Helping Cancer Survivors Understand Health Care Coverage

By Laurie M. Robbins, BSN, RN, CBCN®, Elaine S. DeMeyer, RN, MSN, AOCN®, BMTCN® - Last Updated: December 12, 2022

As a nurse, are you ever confused about your own insurance coverage? Imagine the confusion of someone newly diagnosed with cancer. Cancer survivors and caregivers often have many questions about insurance. These are the 3 most common concerns of patients and caregivers that I try to address in my role as an oncology case manager. As an oncology nurse, you may not know all the answers, but you should know who does. 

What are some of the most common question cancer survivors and caregivers ask about their insurance?  

Many people, even those with high health literacy, are confused about different out-of-pocket costs not covered by health insurance. These can include: 

  • Copay: Amount for each service, such as a doctor visit or prescription; for example, $30 for primary care, $50 for a specialist, and $250 for the emergency department. 
  • Deductible: Amount for medical care before insurance pays, for example, $6,000 for an individual or $17,000 for a family. 
  • Coinsurance: Percentage of cost a patient pays for a service that insurance covers, for example, patient pays 20% and insurance pays 80%. This cost does not apply to all plans. 
  • Self-pay: Travel, food, and lodging associated with cancer care: generally not covered, but there are a few exceptions, such as transplant. 

Patients routinely ask about coverage for durable medical equipment (DME). Most plans cover medically necessary items such as crutches, wheelchairs, and walkers, if submitted with the appropriate clinical documentation. However, DME coverage is on a case-by-case basis depending on the plan.  

Patients also frequently ask about prescription drugs coverage. For most plans, this is based on a tiered list, for example: 

  • Tier 1: Least expensive; often generic drugs 
  • Tier 2: Higher-priced generic and lower-priced brand name drugs 
  • Tier 3: Primarily higher-priced brand name drugs 
  • Tier 4: Highest-priced drugs 

If patients have questions about their insurance or drug coverage, whom should they ask? 

Find out if your cancer center has insurance content on its website. For example, Moffitt Cancer Center provides a robust, interactive insurance webpage to proactively help patients navigate the financial landscape. Content includes lists of managed care organizations, the health insurance exchange, and Medicare coverage. Consolidated Omnibus Budget Reconciliation Act (COBRA) is just one of many terms in their glossary. Moffitt also provides a list of questions patients should ask their insurance company as well as information about financial assistance.  

In addition, most cancer centers have a financial counselor (or advocate) who will explain to patients their plan’s coverage and personal financial responsibility. If the patient will participate in a clinical trial, then the patient needs to demonstrate a clear understanding of their financial costs during the informed consent process.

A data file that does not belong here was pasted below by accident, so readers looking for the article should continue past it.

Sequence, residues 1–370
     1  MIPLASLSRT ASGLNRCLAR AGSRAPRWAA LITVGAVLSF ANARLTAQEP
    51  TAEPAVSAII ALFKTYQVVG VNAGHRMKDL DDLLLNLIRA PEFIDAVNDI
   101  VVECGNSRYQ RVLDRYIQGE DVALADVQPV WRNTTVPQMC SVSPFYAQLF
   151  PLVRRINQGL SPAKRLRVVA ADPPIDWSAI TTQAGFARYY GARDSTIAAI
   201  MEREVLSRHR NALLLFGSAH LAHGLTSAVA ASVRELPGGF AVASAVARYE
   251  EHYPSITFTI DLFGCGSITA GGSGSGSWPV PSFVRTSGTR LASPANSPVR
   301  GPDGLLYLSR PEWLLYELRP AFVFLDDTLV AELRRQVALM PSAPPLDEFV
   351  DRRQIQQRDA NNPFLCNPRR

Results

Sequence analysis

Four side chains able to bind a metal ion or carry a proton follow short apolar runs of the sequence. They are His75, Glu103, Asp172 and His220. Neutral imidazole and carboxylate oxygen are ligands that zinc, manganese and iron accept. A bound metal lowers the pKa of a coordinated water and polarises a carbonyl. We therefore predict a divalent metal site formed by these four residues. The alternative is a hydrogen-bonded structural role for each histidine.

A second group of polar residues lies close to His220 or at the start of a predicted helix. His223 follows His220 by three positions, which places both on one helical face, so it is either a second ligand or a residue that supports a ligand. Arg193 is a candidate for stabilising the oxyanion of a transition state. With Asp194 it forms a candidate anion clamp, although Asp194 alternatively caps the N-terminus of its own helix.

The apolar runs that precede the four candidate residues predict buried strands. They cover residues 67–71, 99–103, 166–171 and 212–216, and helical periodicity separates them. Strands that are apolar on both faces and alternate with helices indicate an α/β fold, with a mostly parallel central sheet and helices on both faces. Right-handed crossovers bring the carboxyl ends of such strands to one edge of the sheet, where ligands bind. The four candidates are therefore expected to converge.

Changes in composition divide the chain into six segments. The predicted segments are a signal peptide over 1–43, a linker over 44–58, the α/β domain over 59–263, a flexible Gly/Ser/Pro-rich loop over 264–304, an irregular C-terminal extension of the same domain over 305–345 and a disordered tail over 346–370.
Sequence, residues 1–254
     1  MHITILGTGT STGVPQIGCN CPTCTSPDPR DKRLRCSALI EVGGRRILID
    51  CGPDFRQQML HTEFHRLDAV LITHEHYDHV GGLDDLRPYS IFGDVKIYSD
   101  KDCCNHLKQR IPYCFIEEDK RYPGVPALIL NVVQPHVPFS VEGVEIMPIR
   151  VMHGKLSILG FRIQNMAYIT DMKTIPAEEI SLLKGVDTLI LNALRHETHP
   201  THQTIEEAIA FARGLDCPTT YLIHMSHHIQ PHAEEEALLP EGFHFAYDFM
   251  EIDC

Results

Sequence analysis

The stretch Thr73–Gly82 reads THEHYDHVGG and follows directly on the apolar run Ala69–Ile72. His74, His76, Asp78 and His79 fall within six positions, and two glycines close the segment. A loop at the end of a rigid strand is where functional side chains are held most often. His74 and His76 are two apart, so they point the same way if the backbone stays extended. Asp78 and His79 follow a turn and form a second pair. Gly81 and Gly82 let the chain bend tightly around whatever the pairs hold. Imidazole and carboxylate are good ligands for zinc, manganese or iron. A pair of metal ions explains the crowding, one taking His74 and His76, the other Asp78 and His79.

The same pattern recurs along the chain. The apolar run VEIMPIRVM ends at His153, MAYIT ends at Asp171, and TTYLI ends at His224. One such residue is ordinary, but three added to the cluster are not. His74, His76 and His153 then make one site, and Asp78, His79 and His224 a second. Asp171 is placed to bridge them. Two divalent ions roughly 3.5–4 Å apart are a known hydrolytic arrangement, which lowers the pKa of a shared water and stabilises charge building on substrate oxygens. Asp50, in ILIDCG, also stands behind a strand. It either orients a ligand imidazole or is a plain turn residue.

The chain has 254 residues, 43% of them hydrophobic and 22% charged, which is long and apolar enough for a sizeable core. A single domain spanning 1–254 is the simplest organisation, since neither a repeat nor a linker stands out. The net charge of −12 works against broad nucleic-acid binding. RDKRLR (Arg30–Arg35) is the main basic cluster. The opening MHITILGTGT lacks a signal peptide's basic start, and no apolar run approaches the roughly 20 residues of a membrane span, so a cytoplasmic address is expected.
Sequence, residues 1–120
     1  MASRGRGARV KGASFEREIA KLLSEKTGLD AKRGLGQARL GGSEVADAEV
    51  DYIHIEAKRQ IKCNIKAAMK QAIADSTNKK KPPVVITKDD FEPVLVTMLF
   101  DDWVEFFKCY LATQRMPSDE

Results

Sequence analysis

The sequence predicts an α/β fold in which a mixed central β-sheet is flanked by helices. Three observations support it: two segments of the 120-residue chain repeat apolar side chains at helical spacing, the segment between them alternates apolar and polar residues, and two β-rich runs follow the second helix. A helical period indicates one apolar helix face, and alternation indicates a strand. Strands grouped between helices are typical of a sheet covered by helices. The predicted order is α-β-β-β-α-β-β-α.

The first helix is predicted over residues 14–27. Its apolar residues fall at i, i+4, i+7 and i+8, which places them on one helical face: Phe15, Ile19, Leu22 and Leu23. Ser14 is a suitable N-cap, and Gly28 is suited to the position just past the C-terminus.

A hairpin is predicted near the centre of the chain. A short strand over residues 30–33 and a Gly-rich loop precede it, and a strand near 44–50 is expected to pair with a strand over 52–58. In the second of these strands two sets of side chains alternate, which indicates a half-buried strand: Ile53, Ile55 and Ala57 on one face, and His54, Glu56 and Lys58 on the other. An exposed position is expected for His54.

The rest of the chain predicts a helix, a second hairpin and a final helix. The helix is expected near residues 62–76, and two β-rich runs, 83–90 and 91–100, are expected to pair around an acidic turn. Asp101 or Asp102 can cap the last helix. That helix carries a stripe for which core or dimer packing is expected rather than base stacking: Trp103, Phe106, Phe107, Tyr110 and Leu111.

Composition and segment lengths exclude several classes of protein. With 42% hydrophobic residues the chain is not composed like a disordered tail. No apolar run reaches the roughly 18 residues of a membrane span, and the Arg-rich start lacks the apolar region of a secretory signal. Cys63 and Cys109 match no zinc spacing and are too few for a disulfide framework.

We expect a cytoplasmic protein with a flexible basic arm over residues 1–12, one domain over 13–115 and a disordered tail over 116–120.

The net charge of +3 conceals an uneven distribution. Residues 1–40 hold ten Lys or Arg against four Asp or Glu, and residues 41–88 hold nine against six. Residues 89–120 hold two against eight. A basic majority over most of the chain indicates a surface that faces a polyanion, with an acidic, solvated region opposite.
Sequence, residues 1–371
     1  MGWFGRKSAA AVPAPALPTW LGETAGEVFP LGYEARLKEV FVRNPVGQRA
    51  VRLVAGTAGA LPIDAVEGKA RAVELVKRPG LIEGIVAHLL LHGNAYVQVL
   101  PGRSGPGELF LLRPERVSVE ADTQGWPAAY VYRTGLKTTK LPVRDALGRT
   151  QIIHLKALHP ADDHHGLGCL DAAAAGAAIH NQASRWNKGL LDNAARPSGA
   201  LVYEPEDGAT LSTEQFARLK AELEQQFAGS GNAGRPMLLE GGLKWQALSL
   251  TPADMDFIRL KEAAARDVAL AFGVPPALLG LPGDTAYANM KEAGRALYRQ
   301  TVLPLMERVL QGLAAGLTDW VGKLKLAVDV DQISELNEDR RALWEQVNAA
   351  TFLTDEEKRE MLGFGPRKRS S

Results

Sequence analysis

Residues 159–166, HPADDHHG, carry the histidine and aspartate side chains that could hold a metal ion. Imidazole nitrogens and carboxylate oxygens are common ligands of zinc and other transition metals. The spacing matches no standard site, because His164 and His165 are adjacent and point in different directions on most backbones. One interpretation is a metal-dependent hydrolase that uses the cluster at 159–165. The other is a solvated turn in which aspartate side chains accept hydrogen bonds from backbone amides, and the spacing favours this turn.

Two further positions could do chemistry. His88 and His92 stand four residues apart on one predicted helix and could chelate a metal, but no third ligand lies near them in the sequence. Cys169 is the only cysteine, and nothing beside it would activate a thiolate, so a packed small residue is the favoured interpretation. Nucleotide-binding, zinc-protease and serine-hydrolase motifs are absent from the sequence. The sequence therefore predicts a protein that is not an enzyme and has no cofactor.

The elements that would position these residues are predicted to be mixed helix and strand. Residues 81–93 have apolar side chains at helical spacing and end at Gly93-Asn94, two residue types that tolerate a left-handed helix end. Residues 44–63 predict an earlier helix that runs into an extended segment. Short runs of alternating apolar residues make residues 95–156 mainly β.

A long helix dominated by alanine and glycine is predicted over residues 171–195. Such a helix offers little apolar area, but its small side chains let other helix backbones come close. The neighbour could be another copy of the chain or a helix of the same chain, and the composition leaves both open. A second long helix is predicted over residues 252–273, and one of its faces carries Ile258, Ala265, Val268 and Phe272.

Finally, patients can contact their insurance company’s customer service department. This number is usually located on the back of their insurance card. Nurses should instruct patients and caregivers to keep a call log, noting the date and time of the call, with whom they spoke, and a reference number for the call. They should also include a summary of the conversation and any coverage information they obtained from the representative. 

If cancer survivors or caregivers do call the insurance number on the back of their card, what are some tips for quickly connecting to a live person? 

Most calls start by requesting the patient’s member ID number and date of birth. As soon as able, the patient should select or say “representative” or “customer service” (depending on the options). Some plans also offer a plan advisor who works only with a specific employer group. This option is like a concierge customer service representative. If this service is available, the patient will be connected to a dedicated representative who will likely remain their contact point for any future needs. Encourage patients to note the person’s name, contact information, and business hours. For example, if the patient lives in the Central time zone, but the representative is on the East Coast, it is helpful to know when they end their day to eliminate frustration.  

Oncology nurses are the “glue” that connects patients with their appropriate resources. They help patients find their voice with many issues, including health care coverage.  

This article is written by a mentee of beyond Oncology’s Writing Mentorship Program. beyond Oncology pairs oncology nurses with writing and publishing experience (mentors) with nurses who want guidance in having their voices heard through online writing (mentees). To learn more about the program, please visit beyond Oncology. 


Out-of-Pocket Costs Among Patients With a Cancer Diagnosis Enrolled in High-Deductible Health Plans vs Traditional Insurance 

Moffitt Cancer Center: Insurance Coverage 

Financial Navigation for People Undergoing Cancer Treatment